LoSacco said that, to his knowledge, no other dogs in the store came down with illnesses when Rosie was in the store, and he said they’d never sell an animal who wasn’t healthy.
Liebold’s vet, Dr. Silas Ashmore of All Creatures Great & Small in Fairfield, defended the use of Clavamox.
“It definitely kicks back and treats kennel cough,” he said, standing by Rosie’s treatment. “But we diagnosed an upper respiratory infection. I never called it kennel cough. This doggie was sicker than kennel cough.”
He called Clavamox the No. 1 drug for such infections.
“You can call 50 vets and ask if they use Clavamox and they will say that whether it’s on the label or not, that’s what treats it,” Ashmore said.
We looked for voices without skin in the game.
“Clavamox is commonly used to treat any respiratory infection,” said Dr. Mark Freeman, an assistant professor with the department of Small Animal Clinical Sciences at Virginia Tech.
He said Clavamox is relatively safe for young dogs, while other, stronger antibiotics can be questionable for young puppies.
Freeman said he disagreed with the store owner’s assertion that the drug is used “off-label” when used for respiratory illnesses.
“It says it’s for soft tissue in the label, then goes on to specify individual cases it’s known to be safe for, such as dermal skin lesions,” he said. “But soft tissue indicates that anything that is not bone is soft tissue.”
Christopher Byers of the American College of Veterinary Internal Medicine (ACVIM) said Clavamox is common for a variety of conditions including respiratory diseases.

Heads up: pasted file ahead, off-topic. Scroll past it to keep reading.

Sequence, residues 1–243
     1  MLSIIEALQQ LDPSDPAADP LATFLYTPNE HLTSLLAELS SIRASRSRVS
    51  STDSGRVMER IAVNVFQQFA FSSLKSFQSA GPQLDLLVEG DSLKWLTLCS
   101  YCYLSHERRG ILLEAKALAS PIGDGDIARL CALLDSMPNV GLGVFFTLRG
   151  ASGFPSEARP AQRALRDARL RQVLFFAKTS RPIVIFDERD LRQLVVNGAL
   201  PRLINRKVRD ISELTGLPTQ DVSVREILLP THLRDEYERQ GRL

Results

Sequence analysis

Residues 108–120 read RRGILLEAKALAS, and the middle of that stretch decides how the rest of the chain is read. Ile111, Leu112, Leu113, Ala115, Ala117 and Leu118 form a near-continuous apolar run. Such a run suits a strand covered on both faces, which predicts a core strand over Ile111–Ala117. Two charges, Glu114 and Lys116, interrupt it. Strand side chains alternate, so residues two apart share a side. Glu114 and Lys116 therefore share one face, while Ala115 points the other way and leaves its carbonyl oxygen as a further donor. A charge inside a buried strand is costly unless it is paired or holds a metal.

Rosie, the Wheaten terrier, is now healthy after a bout with pneumonia that led to costly vet bills.
Robert Sciarinno/NJ Advance Media
“It is a reasonable first-choice antibiotic for a patient suspected of living with bacterial Canine Infectious Respiratory Disease Complex (CIRDC),” he said.
Dr. Zachary Wright, also of ACVIM, said Clavamox is an exceptionally common antibiotic for pneumonia in dogs. His practice usually starts with a different drug, but given some problems that have led to a production backlog of that med, “I personally would think Clavamox would be a reasonable option.”
We also reached out to the drug’s manufacturer, but it wouldn’t comment except to share the written indications we already had.
We went back to owner LoSacco with the vets’ comments, noting that the treating veterinarian said he never called the illness kennel cough, but a respiratory infection.
“It changes nothing because Clavamox is not indicated for upper respiratory,” LoSacco said, offering to resend the letter with the words “respiratory” instead of “kennel cough.” He also said medical dictionaries don’t consider respiratory issues and soft tissue to be the same.
“I’m not denying that vets use it and sometimes it works and sometimes it doesn’t,” he said. “But I’m not going to be liable for the times that it doesn’t work when it’s off-label.”
So where does this leave Liebold, the customer? Probably with a vet bill, but she says she’s glad Rosie survived.
“I don’t want anyone to go through this experience. Educate yourself before buying a pet in a pet store,” she said.
Have you been Bamboozled? Karin Price Mueller at